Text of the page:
Sunday, October 14, 2018

Native Americans & Colonial Miltiias Interact in the Pennsylvania, New Jersey, & Delaware Bay Areas

Lenape & Susquehannocks Interact with Colonial Europeans

For most of the 17C, Lenape Algonquian people exerted the greatest political & economic control over the country from central New Jersey through eastern Pennsylvania & along the Delaware Bay to its mouth at Cape Henlopen (Sussex County). Led by sachems & councils of elders, they lived in unpalisaded towns & spoke Unami. Over the course of the century, these Lenape natives created with European settlers a distinctive society that valued peace over conflict, religious freedom, collaboration, respect for diverse people, & local authority. Nonetheless, desire for profits led to contention, & native traders shifted among European nations to obtain the quantity & quality of goods they sought. Exchange provided the source of the Lenapes’ power, which they used to provoke colonial rivalries.

Inland, Susquehannock (Minquas) peoples living in fortified villages along the Susquehanna River proved especially determined to maintain independence in the fur trade, & played Swedes, Dutch, & English against each other. A decade of intermittent war with Lenapes between 1626 & 1636 typified the larger contest for control over furs in the North Atlantic world. The outcome earned Susquehannock traders the right to do business in Lenape areas along Delaware Bay & instigated a trade alliance among the groups.

Native Americans & Colonial Miltiias in Pennsylvania
By William V. Bartleson For The Encyclopedia of Greater Philadelphia & Rutgers University HERE

...The first militia in the region that became Pennsylvania formed in 1671 in accordance with the Laws of the Duke of York, but the conflict between compulsory military service & the pacifist principles of the Religious Society of Friends (Quakers) quickly sparked controversy. Pennsylvania founder William Penn (1644-1718) retained the right to create a militia in the event of an emergency, but theological & political conflicts prevented passage of long-lasting militia regulations. From 1671 to 1776, the Pennsylvania Assembly passed several militia acts but allowed them to expire, mostly due to Quaker influence & the highly politicized nature of mandatory military service. When temporary militia companies came into existence, they remained voluntary, relatively few men attended mustering events, & they quickly disbanded.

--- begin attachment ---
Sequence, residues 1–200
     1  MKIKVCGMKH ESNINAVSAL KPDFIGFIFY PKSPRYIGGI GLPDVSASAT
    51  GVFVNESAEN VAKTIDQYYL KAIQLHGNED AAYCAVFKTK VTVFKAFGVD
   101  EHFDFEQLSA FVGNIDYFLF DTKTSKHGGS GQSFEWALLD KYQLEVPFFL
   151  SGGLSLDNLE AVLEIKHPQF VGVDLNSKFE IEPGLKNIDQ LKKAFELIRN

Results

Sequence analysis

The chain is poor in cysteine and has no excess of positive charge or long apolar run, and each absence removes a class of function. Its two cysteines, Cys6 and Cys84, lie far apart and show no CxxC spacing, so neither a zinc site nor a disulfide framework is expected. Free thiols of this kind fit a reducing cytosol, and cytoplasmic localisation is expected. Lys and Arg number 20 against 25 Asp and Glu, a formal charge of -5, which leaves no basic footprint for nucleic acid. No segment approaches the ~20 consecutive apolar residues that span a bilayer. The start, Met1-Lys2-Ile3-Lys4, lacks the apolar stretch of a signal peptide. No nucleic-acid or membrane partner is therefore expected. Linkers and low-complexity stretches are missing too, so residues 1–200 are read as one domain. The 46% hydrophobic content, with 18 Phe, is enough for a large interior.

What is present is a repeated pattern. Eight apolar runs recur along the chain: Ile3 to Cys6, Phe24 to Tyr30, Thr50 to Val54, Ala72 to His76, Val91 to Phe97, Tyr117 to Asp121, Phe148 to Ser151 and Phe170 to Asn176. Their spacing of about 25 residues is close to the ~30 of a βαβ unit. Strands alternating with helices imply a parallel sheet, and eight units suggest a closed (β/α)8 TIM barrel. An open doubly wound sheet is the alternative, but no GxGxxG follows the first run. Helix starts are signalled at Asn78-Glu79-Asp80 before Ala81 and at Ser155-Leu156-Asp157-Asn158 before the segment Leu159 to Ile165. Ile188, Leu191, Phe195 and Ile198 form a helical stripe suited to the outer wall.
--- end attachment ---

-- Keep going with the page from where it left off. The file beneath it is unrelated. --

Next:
In colonial New Jersey & the eventual state of Delaware, the Dutch formed the earliest militia companies in the 1640s with the intention to defend settlers & trading centers from raids from foreign powers & Native Americans. The geography of New Jersey, with the Delaware River acting as a natural bulwark, eventually relieved the area from threats from European or Native forces. Although the New Jersey legislature formally allotted funds to train militia companies in 1668 & 1744, militia groups remained relatively small & localized.

Increasing Indian attacks against settlers made Pennsylvania one of the main areas of conflict during the Seven Years’ War (French & Indian War, 1756-63). Lacking the long-term legislative militia regulations of other colonies, Pennsylvania had to scramble to muster fiercely independent & often far-flung colonials into organized militia units. The Pennsylvania assembly passed the Militia Act of November 25, 1755, but units formed slowly that fall & winter, & under the law they could not be marched more than three days beyond the settled parts of the province, left in garrison frontier forts, or be punished with military discipline. To supplement the militia, the act also provided for a Provincial Army of voluntary, paid “Associators,” but they also remained near their communities. In New Jersey, Indian raids along the northern border of Pennsylvania & New York prompted formation of the “Jersey Blues” militia regiment, which saw combat at some of the most significant battles of the conflict, including the Siege of Fort William Henry & the capture of Montreal...

William V. Bartleson is an independent scholar of military history who has worked with the New Jersey National Guard Militia Museum & the Center for Veterans Oral History.

Friday, October 12, 2018

Native Americans in the area now called Maine

Abenakis couple

Native Americans in Maine have been documented since the 17C through oral traditions & written observations by Europeans.  Members of the Algonquian language family in Maine have been known as “Wabanaki” & “Abenaki” people. The term means “Dawnlanders” or “People of the Dawn.” The broad notion of Wabanaki includes Micmac, Maliseet & Passamaquoddy in the east, Penobscot along the river of that name, & the Abenaki & Pennacook further west. The term “Abenaki” usually excludes the three easternmost groups & refers to members of the Algonquian branch of the Algonquian-Wakashan linguistic stock.

The name Abnakis (or Abenakis) was given to them by the French, but it has been spelled Abenaques, Abenaquiois, Wapanachkis, Wabenakies, & Wobanahis. According to one source, the name derives from woban, “daybreak,” & ki, “earth, land,” & has been variously interpreted as those “living at the sunrise,” “a person from the land where the sun rises,” or “an easterner.”